One can get a sense of Orwell’s conflicted attitude toward imperialism when he goes on to tell the reader that he doesn’t want to look like a fool. The most telling line is when Orwell writes, “And my whole life, every white man’s life in the East, was one long struggle not to be laughed at.” Orwell seems to be calling the readers attention to the fact that he simply only killed the elephant to “avoid looking like a fool.” One begins to see a clear pattern to how Orwell s using commentary to call the readers attention to his ironic and uncertain view. While Orwell may be using uncertainty throughout the essay to show the reader the moral complexity of his situation, another significant illustration of Orwell’s appeal to the reader is the frank tone he uses to portray the dead coolie. Orwell is explaining how the elephant was destroying homes and killed a native, one might notice how Orwell makes special note of disturbing imagery.
Although it may be subtle, one can see a definite sense of Orwell’s attitude here when he writes, “He was lying on his belly with his arms crucified and head open, the teeth bared and grinning with an expression of unendurable agony.” When describing the dead coolie he also says that he looks “devilish.” The narrators attitude toward the coolie in this passage appears to be an example of Orwell trying to show the readers how we wouldn’t feel bad. Since Orwell uses words like “devilish” and “unendurable agony” the reader would get more of a sense of disgust. Instead of the reader feeling bad for the dead coolie, the reader just thinks its disgusting. The reader doesn’t think “aww poor innocent man.” That’s exactly what Orwell wanted when he wrote.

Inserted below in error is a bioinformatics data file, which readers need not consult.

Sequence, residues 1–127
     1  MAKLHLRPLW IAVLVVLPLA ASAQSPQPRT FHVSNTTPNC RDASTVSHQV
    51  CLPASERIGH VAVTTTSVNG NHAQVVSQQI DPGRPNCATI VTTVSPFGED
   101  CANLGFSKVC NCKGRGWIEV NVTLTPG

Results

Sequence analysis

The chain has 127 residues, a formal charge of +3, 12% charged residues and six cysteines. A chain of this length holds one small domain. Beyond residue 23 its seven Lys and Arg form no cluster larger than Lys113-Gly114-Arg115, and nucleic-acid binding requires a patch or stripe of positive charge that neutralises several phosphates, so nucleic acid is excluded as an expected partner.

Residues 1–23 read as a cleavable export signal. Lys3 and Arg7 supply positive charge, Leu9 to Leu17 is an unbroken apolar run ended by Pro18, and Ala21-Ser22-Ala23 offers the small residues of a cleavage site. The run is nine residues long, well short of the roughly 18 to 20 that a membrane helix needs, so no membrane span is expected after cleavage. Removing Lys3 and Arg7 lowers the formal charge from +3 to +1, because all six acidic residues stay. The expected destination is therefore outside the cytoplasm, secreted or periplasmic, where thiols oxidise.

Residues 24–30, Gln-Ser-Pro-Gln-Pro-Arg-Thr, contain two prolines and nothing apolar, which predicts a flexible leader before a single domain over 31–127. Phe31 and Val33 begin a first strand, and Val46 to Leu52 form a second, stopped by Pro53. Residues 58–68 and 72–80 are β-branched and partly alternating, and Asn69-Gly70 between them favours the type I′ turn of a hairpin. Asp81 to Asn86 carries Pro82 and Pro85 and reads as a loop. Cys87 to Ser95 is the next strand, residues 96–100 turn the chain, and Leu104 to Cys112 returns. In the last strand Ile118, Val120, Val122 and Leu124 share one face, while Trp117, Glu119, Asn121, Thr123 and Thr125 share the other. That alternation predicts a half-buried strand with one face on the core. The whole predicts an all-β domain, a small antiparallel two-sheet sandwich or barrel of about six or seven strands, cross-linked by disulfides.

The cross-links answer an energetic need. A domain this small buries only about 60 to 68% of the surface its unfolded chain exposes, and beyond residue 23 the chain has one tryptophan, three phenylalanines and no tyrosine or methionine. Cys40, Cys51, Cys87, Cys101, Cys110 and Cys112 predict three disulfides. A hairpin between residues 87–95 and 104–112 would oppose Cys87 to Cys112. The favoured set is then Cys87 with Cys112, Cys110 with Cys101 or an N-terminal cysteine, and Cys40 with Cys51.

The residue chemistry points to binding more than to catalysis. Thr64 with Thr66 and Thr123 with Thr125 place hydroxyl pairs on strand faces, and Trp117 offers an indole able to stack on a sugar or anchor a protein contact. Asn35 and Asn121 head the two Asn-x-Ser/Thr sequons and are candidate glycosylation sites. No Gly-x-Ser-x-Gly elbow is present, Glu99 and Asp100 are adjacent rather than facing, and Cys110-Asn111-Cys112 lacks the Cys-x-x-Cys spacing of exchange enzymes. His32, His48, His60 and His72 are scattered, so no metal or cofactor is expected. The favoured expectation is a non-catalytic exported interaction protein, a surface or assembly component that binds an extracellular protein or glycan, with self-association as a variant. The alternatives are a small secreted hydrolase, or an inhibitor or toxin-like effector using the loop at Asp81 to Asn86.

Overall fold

Similarly, one can also get a sense of Orwell’s sympathetic attitude towards the elephant when he goes to tell the reader that the elephant was “peacefully eating.” Orwell writes, “But I did not want to shoot the elephant. I watched him beating his bunch of grass against his knees, whit the preoccupied grandmotherly air..” In this case, Orwell is making it seem as if the elephant has done nothing wrong. And he already describes the elephant better than he described the Burmans and Natives. While he has called the innocent Burmans “little beasts,” he compares the elephant that has killed a native and destroyed homes as being “grandmotherly.” Which is very ironic since the Burmans and Natives are the one that hasn’t done any harm. At this point the reader is worried more for the elephant than he/she was the dead coolie and the Burmans.
When the narrator has a crowd of eager natives behind him, all ready for him to kill the elephant, the reader is wondering what is about to happen. Once the narrator does shoot the elephant, Orwell’s tone becomes very sympathetic towards the elephant. In this case, the reader can see that Orwell’s attitude can be illustrated more when he writes, “You could see the agony of it (the bullet) jolt his whole body and knock the last remnant of strength from his legs.” He continues by writing, “Finally, I fired my two remaining shots into the spot where I thought his heart must be.” With the portrayal of the elephant here, Orwell seems to be underscoring to the reader that people will feel more sympathetic towards the elephant than the human simple because he used a more sympathetic tone when describing the elephant. This is exactly what Orwell wants the reader to feel. One can observe how Orwell is consistently challenging the reader to empathize with the moral issues that he is narrating throughout the essay by forcing the reader to confront the fact that the elephant was wrong and we should really be more sympathetic towards the coolie because he’s human and was innocent, unlike the elephant.
In George Orwell’s story “Shooting an Elephant,” he writes, “a story always sounds clear enough at a distance, but the nearer you get to the scene of events the vaguer it becomes.” In this case he is describing his own story. At first you would think that the narrator feels bad for the Burmese and Natives and he really doesn’t like imperialism. But when you look deeper into the story the reader realizes that the only reason that he doesn’t like imperialism is because he realizes that he lives to impress others.
Orwell, George. “Shooting an Elephant.” Shooting an Elephant and Other Essays. New York: Penguin Group Inc., 2003. Blackboard. PDF file.